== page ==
1. Fr Theobald Mathew (1790-1856) was a Cork-born Capuchin Friar who led a great temperance movement from 1839-1856. His anti-drink campaign is considered to have been a great social revolution that saw the establishment of Temperance Societies in every parish in the country. At its peak between 1838-1845, it was estimated that there were 3-4 million abstaining from drink in Ireland. This high number was aided by the fact that Fr Mathew appealed to every class and rank in society. In 1843, Fr Mathew went to England and Scotland where he had further success, and later spent over two years in the US where he gave the pledge in over 300 towns. With the words “Here goes in the name of God” he signed the Cork Total Abstinence Society on 10 April 1838, and his campaign began. He became President of the Cork Total Abstinence Society and after just ten months over 6000 had taken the pledge: “I promise to abstain from all intoxicating drinks, except used medically and by order of a medical man, and to discountenance the cause and practice of intemperance.” In January a theatrical production of the life of Fr Mathew, supported by the Cork Opera House, was staged in the Half Moon Theatre in Cork.
1. Selection of print and online media reports on the use of alcohol in Irish society:
1. “I have just given up drink for a month. The first time since I was 16, and it’s not easy. There are not many alternatives to the pub on the weekend, videos and cinema can only be done so much.” (www.irishhealth.com, anonymous contributor).
1. “We need to take stock and take measures to protect our young people and offer alternatives to our alcohol culture. Does it start in childhood with children learning to drink from their parents or is it “Irish Culture”, i.e. craic agus ruille buille [sic]?” (www.irishhealth.com, anonymous contributor).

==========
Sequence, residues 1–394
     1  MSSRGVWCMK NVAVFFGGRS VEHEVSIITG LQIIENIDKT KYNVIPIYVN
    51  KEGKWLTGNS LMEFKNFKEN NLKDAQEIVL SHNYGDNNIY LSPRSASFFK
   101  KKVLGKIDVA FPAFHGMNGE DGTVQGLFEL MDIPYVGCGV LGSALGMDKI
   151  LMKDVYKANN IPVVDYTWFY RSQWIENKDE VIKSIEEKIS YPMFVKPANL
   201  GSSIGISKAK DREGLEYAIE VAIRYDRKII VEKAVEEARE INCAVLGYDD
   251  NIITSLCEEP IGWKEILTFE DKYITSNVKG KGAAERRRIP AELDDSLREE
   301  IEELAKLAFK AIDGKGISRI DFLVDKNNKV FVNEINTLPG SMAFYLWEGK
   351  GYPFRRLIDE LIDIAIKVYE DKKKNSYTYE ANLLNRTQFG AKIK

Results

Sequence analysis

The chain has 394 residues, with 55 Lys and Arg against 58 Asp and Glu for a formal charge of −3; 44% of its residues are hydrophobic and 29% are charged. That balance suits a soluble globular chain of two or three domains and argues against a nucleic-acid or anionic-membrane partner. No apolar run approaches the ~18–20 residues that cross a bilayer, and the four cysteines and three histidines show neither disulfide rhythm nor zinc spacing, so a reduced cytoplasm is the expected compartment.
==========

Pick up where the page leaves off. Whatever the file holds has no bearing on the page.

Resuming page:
1. “We are seeing a fairly significant increase in decompensated liver disease which is the end of the road for many patients and also full blown cirrhosis. Patients are generally admitted to A&E and referred on to our centre. Internal referral is now greater than I have ever seen and is predominantly in Irish men and women in their 30s and 40s, which is extremely worrying,” Dr John Crowe consultant gastroenterologist at the Mater hospital’s centre for liver disease (The Irish Times, 5 December 2006).
1. “People are drinking more at early stages in their life and this is especially alarming in young Irish women who are top of the table worldwide in binge-drinking patterns,” Gerry Cooney, co-ordinator of pre-treatment services at the Rutland Centre (The Irish Times, 5 December 2006).
1. Alcohol addiction experts say that Ireland’s reputation as a nation of heavy drinkers is seen to be part of our culture. Many feel that responsible drinking needs to be promoted and more education on the issue made available. (The Irish Times, 5 December 2006).
1. “Alcohol is nothing less than one of the most important public health issues of our time … Binge drinking and drunkenness are the norm for many Irish drinkers while this is not the case in most Mediterranean countries … Focus group research has found that the typical night out for a young binge drinker is to go out with the intention of getting drunk.” (independent alcohol interest group Alcohol Action Ireland, 30 May 2005).
* Useful publications and websites:
* Alcohol The Challenge of Moderation is available in Catholic Churches and on www.catholicbishops.ie.
* breaking the silence (Veritas, 1997) – Drug use and drug addiction.
* Beyond Maintenance (Veritas, 2000) – papers from a drug treatment seminar organised by the Irish Bishops’ Conference with The Irish Times.
* Homily of Archbishop Dermot Clifford at 150th Anniversary Mass for Fr Theobald Mathew
* Homily of Bishop John Fleming on 20 March 2004 for the Pioneer Total Abstinence Association www.catholicbishops.ie/press-releases
* Pioneer Total Abstinence Association of the Sacred Heart www.pioneertotal.ie